Categories: Bioinformatics Trends

CEDA: integrating gene expression data with CRISPR pooled screen data identifies essential genes with higher expression

Bioinformatics Oxford Journals - Mon, 17/10/2022 - 5:30am
AbstractMotivationCRISPR-based genetic perturbation screen is a powerful tool to probe gene function. However, experimental noises, especially for the lowly expressed genes, need to be accounted for to maintain proper control of false positive rate.MethodWe develop a statistical method, named CRISPR screen with Expression Data Analysis (CEDA), to integrate gene expression profiles and CRISPR screen data for identifying essential genes. CEDA stratifies genes based on expression level and adopts a three-component mixture model for the log-fold change of single-guide RNAs (sgRNAs). Empirical Bayesian prior and Expectation-Maximization algorithm are used for parameter estimation and false discovery rate inference.ResultsTaking advantage of gene expression data, CEDA identifies essential genes with higher expression. Compared to existing methods, CEDA shows comparable reliability but higher sensitivity in detecting essential genes with moderate sgRNA fold change. Therefore, using the same CRISPR data, CEDA generates an additional hit gene list.Supplementary informationSupplementary dataSupplementary data are available at Bioinformatics online.
Categories: Bioinformatics Trends

scGNN 2.0: a graph neural network tool for imputation and clustering of single-cell RNA-Seq data

Bioinformatics Oxford Journals - Mon, 17/10/2022 - 5:30am
AbstractMotivationGene expression imputation has been an essential step of the single-cell RNA-Seq data analysis workflow. Among several deep learning methods, the debut of scGNN gained substantial recognition in 2021 for its superior performance and the ability to produce a cell-cell graph. However, the implementation of scGNN was relatively time-consuming and its performance could still be optimized.ResultsThe implementation of scGNN 2.0 is significantly faster than scGNN thanks to a simplified close-loop architecture. For all eight datasets, cell clustering performance was increased by 85.02% on average in terms of adjusted rand index, and the imputation Median L1 Error was reduced by 67.94% on average. With the built-in visualizations, users can quickly assess the imputation and cell clustering results, compare against benchmarks, and interpret the cell-cell interaction. The expanded input and output formats also pave the way for custom workflows that integrate scGNN 2.0 with other scRNA-Seq toolkits on both Python and R platforms.AvailabilityscGNN 2.0 is implemented in Python (as of version 3.8) with the source code available at https://github.com/OSU-BMBL/scGNN2.0.Supplementary informationSupplementary files are available at Bioinformatics online.
Categories: Bioinformatics Trends

Correction to: plotsr: visualizing structural similarities and rearrangements between multiple genomes

Bioinformatics Oxford Journals - Thu, 13/10/2022 - 5:30am
This is a correction to: Manish Goel and Korbinian Schneeberger plotsr: visualizing structural similarities and rearrangements between multiple genomes, Bioinformatics, Volume 38, Issue 10, 15 May 2022, https://doi.org/10.1093/bioinformatics/btac196
Categories: Bioinformatics Trends

Estimation of Speciation Times Under the Multispecies Coalescent

Bioinformatics Oxford Journals - Thu, 13/10/2022 - 5:30am
AbstractMotivationThe multispecies coalescent model is now widely accepted as an effective model for incorporating variation in the evolutionary histories of individual genes into methods for phylogenetic inference from genome-scale data. However, because model-based analysis under the coalescent can be computationally expensive for large data sets, a variety of inferential frameworks and corresponding algorithms have been proposed for estimation of species-level phylogenies and associated parameters, including speciation times and effective population sizes.ResultsWe consider the problem of estimating the timing of speciation events along a phylogeny in a coalescent framework. We propose a maximum a posteriori estimator based on composite likelihood (MAPCL) for inferring these speciation times under a model of DNA sequence evolution for which exact site pattern probabilities can be computed under the assumption of a constant θ throughout the species tree. We demonstrate that the MAPCL estimates are statistically consistent and asymptotically normally distributed, and we show how this result can be used to estimate their asymptotic variance. We also provide a more computationally efficient estimator of the asymptotic variance based on the nonparametric bootstrap. We evaluate the performance of our method using simulation and by application to an empirical dataset for gibbons.Availability and implementationThe method has been implemented in the PAUP* program, freely available at https://paup.phylosolutions.com for Macintosh, Windows, and Linux operating systems.Supplementary informationSupplementary dataSupplementary data are available at Bioinformatics online.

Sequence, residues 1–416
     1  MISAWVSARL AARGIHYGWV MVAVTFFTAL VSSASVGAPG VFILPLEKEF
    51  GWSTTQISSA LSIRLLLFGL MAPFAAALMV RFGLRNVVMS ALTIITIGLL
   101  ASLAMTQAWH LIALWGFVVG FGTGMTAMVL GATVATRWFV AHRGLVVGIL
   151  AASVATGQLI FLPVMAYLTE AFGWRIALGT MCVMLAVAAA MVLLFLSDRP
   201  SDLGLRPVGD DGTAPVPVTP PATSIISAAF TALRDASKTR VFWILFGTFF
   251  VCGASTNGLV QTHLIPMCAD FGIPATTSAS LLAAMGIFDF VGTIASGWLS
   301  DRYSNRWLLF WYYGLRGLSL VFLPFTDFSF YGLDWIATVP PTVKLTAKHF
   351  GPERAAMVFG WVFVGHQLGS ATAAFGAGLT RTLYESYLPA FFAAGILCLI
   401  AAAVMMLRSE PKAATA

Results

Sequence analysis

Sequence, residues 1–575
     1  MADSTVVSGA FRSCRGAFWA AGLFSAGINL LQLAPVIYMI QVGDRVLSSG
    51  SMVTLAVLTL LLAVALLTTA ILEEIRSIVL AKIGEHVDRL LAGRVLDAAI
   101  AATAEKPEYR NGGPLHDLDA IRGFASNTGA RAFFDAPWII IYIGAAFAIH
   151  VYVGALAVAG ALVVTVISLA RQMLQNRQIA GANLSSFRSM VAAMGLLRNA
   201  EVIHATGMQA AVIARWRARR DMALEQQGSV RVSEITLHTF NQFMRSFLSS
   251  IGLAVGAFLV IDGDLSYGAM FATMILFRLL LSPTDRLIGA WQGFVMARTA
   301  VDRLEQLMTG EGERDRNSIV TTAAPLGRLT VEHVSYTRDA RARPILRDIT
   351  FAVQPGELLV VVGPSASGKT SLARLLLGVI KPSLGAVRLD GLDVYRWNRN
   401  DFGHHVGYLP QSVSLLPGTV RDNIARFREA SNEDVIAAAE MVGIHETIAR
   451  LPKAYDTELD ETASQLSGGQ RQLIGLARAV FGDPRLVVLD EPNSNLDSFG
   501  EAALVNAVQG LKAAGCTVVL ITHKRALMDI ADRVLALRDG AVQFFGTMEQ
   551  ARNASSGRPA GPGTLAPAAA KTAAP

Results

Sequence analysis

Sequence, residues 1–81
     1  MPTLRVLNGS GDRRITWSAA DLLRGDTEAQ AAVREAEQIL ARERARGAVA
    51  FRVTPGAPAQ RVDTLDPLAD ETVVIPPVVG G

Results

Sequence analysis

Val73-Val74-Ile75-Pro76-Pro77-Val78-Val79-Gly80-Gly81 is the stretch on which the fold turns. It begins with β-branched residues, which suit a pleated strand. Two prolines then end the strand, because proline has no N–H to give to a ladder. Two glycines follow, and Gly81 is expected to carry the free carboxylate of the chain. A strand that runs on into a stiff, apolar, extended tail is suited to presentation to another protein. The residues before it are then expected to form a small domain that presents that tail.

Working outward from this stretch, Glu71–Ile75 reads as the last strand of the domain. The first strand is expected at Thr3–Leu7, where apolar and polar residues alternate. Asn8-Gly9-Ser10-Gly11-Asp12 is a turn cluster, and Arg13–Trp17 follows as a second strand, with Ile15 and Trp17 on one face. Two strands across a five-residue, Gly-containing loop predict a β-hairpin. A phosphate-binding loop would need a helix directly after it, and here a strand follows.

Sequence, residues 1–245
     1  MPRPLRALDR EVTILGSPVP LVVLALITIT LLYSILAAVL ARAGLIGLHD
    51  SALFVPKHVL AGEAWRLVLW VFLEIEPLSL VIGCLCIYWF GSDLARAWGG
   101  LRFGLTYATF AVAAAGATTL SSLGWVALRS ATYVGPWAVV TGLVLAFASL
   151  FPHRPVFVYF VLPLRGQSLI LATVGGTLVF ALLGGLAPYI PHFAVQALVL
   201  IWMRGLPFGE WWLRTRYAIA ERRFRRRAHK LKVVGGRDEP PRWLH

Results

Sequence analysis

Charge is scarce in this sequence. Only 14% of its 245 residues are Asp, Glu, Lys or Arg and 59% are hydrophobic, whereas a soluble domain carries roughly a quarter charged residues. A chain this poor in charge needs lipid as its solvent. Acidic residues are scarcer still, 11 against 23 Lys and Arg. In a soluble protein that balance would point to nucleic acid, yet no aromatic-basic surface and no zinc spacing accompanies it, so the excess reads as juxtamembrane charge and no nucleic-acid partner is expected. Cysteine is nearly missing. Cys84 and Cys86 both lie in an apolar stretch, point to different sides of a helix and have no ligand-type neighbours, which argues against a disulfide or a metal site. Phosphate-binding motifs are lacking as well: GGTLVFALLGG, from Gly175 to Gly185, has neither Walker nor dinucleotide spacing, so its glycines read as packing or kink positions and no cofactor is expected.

Categories: Bioinformatics Trends

E-SNPs&GO: Embedding of protein sequence and function improves the annotation of human pathogenic variants

Bioinformatics Oxford Journals - Thu, 13/10/2022 - 5:30am
AbstractMotivationThe advent of massive DNA sequencing technologies is producing a huge number of human single-nucleotide polymorphisms occurring in protein-coding regions and possibly changing their sequences. Discriminating harmful protein variations from neutral ones is one of the crucial challenges in precision medicine. Computational tools based on artificial intelligence provide models for protein sequence encoding, bypassing database searches for evolutionary information. We leverage the new encoding schemes for an efficient annotation of protein variants.ResultsE-SNPs&GO is a novel method that, given an input protein sequence and a single amino acid variation, can predict whether the variation is related to diseases or not. The proposed method adopts an input encoding completely based on protein language models and embedding techniques, specifically devised to encode protein sequences and GO functional annotations. We trained our model on a newly generated dataset of 101,146 human protein single amino acid variants in 13,661 proteins, derived from public resources. When tested on a blind set comprising 10,266 variants, our method well compares to recent approaches released in literature for the same task, reaching a Matthews Correlation Coefficient (MCC) score of 0.72. We propose E-SNPs&GO as a suitable, efficient and accurate large-scale annotator of protein variant datasets.AvailabilityThe method is available as a webserver at https://esnpsandgo.biocomp.unibo.it. Datasets and predictions are available at https://esnpsandgo.biocomp.unibo.it/datasets.Supplementary informationSupplementary dataSupplementary data are available at Bioinformatics online.